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Newz Forum: OLYMPICS: College freshman schools world champ in 400

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posted on Feb, 12 2005 @ 10:26 AM
FAYETTEVILLE, Ark. -- East Carolina freshman La Shawn Merritt ran the fastest 400 meters in the world this year, beating the reigning world champion at that distance at the Tyson Invitational on Friday night.

Two-time Olympic gold medalist Veronica Campbell ran the fastest 60 of the year and set a meet record at 7.09 seconds, and Kenya's Bernard Lagat ran the third-fastest mile ever, shaving three seconds off his Millrose Games time last week.

Savante Stringfellow, last year's world indoor champion in the long jump, finished second to U.S. compatriot Miguel Pate on Friday night.

Merritt won the 400 in 44.93 seconds, more than a second quicker than the 45.94 he ran a week earlier that had been 2005's best. Bershawn Jackson, the 2003 U.S. indoor champion, was second. Reigning world indoor champion Alleyne Francique was fourth.

"It was a pretty tough field, a lot of Olympians," said the 18-year-old Merritt. "I was the only guy from college, but I wasn't going to back down from them."

East Carolina coach Bill Carson said he and Merritt worked out on the University of Arkansas track to figure out where the freshman would run best, and then Merritt followed the plan perfectly.

"I had never run on this track before, so I didn't know what to expect," Merritt said. "I knew coming in that I could run 45 (seconds), and I knew this was the fastest track in the country. When I came in (the final turn), I knew no one was around, and I just wanted to finish strong."

Lagat ran a mile in 3:49.89, 1½ seconds slower than the world record after being on pace to beat the mark through the first three-quarters of a mile. The world indoor champion in the 3,000 easily defeated a field that included countryman Paul Korir, the world champion at 1,500.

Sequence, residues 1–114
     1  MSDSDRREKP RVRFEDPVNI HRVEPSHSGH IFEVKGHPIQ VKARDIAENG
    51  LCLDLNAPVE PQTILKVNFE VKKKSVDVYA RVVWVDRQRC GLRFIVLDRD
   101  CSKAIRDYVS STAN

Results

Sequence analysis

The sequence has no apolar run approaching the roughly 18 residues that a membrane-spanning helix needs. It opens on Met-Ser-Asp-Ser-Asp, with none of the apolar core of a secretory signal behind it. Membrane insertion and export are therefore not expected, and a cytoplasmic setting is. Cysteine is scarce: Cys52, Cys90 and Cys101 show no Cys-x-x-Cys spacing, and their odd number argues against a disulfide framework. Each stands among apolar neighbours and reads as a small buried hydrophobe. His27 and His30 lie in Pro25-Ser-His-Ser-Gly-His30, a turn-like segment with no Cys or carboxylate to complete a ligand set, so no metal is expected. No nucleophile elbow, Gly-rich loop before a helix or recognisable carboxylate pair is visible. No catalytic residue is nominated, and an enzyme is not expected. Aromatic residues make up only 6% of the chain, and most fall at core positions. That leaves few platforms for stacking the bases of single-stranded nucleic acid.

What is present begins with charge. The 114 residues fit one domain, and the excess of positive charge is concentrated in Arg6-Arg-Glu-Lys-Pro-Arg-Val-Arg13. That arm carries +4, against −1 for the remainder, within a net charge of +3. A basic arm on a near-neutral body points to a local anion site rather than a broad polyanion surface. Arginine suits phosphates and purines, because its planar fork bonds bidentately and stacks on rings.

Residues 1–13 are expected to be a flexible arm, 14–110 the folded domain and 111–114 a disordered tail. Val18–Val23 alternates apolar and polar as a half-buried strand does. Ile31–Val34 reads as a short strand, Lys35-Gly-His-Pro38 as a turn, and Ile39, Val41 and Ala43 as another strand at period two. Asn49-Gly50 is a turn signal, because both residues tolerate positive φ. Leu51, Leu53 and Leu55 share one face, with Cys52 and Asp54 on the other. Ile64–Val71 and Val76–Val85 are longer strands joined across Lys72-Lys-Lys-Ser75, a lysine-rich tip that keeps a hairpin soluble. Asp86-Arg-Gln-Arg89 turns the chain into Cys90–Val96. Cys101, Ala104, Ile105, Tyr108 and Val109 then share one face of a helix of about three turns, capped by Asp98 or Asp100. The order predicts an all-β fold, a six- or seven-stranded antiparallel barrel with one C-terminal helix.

"The pace was fast, and I wanted the guys to get out fast and that happened," said Lagat, who had said before the race that he was running so well he would attempt to set a world record at Fayetteville. He ran a mile in 3:52.87 last week in a win at Madison Square Garden and 3:53.61 while finishing second at Boston two weeks ago.

"I thought I would come here and attempt to break the record and, why not, after what I had done in Boston and New York," said Lagat, 30. "I might as well try while I'm feeling good, because I can't go at this pace forever."

Campbell, from the University of Arkansas, won gold in Athens in the 200 and the 400 relay, and won a bronze in the 100. She defeated LSU's Muna Lee, who had finished seventh at the Olympics in the 200 meters. Her 7.09 edged the meet record of 7.1 seconds set last year by Gail Devers.

Canada's Perdita Felicien also returned to the track Friday for the first time since falling in the 100 finals at the Athens Olympics, and finished fourth behind former college rival Danielle Carruthers in the 60 hurdles.

Only three-hundredths of a second separated the top three finishers in the event, and Felicien wasn't one of them. The world champion hurdler from Pickering, Ontario, suffered a deep bruise on her left heel during her fall at Athens. Felicien left the track immediately after the race.

"[Felicien's] used to winning. Of course she's disappointed," said Carruthers, who ran for Indiana while Felicien ran for Illinois. Carruthers finished in 7.98 seconds, Michelle Freeman finished in 7.99 and Melissa Morrison-Howard, a two-time Olympic bronze medalist, finished in 8.01.

"I'm still learning how to execute my race properly," Carruthers said. "Every race is close and I think I'm getting better every week."

Stringfellow's best long jump, 8.14 meters was 0.02 short of Pate's 8.16. Last year's Olympic silver medalist, John Moffitt, jumped 8.11.

"I was a lot more winded than usual with only six jumpers," Stringfellow said. "Our turns came around very quickly. All in all, I have no complaints."

In the college division of the meet, which continues Saturday, Arkansas' distance medley relay team finished in 9:29.25, the fourth-fastest time ever in the event.




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